A confidential email to the Greek Ministries of Finance and Labor from international lenders putting up $325 billion in two bailouts to keep the economy from failing states that Greek private sector workers should work six days a week and longer hours.
The Troika of the European Union-International Monetary Fund-European Central Bank (EU-IMF-ECB,) already pushing the uneasy coalition government led by Prime Minister Antonis Samaras to make another $14.16 billion in cuts, is insisting on even harsher measures for civil servants.
The financial newspaper Imerisia reported that the Troika’s email was sent on Aug. 31, ahead of meetings Samaras had with his coalition partners, the PASOK Socialists of Evangelos Venizelos and the Democratic Left of Fotis Kouvelis, as the government prepared for the return of Troika envoys on Sept. 5.
The Troika wants greater flexibility in work hours, although Greeks already are near the top in Europe, and wants to let private companies set work rules for hiring and firing and other conditions, according to their needs.
Following the Troika’s orders, the Labor Ministry is expected to put forth measures aimed at the most vulnerable sectors in Greece, including:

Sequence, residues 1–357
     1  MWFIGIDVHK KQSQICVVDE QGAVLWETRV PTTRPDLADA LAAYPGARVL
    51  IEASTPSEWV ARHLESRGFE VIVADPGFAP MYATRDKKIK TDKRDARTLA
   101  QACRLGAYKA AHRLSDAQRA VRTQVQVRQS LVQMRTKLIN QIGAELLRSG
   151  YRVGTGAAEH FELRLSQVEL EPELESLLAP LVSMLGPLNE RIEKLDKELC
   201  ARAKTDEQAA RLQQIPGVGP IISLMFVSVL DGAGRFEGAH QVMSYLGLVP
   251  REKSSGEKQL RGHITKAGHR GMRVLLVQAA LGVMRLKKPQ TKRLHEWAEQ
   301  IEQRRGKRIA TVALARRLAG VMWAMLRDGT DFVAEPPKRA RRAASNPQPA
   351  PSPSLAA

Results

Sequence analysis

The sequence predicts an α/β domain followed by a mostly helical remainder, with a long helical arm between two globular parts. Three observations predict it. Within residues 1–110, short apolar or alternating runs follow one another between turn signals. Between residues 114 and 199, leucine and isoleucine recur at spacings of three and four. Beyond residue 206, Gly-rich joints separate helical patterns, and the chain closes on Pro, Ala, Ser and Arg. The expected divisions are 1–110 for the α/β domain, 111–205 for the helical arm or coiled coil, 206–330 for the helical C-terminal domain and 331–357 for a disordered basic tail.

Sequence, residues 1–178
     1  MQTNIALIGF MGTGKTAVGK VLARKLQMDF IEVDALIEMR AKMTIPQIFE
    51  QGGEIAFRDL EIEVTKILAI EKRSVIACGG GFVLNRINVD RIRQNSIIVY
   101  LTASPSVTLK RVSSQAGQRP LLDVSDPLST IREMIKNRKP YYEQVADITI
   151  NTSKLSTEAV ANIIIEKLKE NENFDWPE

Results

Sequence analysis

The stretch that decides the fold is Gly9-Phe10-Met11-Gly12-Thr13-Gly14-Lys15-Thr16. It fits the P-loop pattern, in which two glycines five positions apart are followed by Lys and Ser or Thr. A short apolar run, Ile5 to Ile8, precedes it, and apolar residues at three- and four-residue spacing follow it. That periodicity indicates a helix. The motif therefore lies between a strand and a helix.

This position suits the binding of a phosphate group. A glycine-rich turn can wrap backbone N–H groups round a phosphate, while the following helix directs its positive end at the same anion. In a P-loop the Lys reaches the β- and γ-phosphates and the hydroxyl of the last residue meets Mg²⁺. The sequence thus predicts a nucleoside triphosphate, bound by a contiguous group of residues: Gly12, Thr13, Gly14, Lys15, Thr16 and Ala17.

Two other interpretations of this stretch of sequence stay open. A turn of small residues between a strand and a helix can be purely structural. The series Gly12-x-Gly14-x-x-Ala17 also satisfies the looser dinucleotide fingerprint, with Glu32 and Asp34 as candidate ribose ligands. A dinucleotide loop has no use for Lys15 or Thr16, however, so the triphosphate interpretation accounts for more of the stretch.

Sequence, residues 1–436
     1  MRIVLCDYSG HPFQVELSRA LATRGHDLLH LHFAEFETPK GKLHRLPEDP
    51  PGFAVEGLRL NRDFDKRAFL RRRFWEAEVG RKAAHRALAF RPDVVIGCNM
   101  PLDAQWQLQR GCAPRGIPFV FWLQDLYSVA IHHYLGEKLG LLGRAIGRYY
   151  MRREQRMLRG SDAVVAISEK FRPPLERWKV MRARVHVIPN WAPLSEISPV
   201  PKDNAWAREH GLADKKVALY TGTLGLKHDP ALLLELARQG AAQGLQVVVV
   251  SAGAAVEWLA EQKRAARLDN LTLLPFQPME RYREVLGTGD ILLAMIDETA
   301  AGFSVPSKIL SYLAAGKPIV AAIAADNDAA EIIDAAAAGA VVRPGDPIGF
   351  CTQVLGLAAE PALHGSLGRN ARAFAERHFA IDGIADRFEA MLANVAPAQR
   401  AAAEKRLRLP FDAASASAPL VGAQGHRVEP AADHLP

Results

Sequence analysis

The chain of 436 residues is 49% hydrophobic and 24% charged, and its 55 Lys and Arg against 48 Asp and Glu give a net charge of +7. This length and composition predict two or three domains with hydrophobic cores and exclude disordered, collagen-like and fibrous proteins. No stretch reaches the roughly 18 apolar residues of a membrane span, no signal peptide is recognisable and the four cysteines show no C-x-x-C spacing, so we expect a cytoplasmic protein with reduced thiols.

- A six-day work week with changes in shift times
- Reducing notice before firing a worker from as much as six months and reducing their severance, and pensions
- Cutting by 50 percent certain severance packages by giving employers the right to reduce their time in service and warning period
- To change working hours and make them longer
- Restrictions on overtime and furloughs
The changes seem certain to ramp up tension between the government and labor unions who have already warned they will take their workers to the streets to protest the onset of more austerity measures. In the midst of a deep, five-year recession, with nearly two million people out of work, the closing of 68,000 businesses so far, and the economy shrinking 7 percent, the Troika wants cuts of 5 percent in employer contributions to the national health insurance agency IKA-ETAM. The Troika wants regular briefings on the progress of the reforms.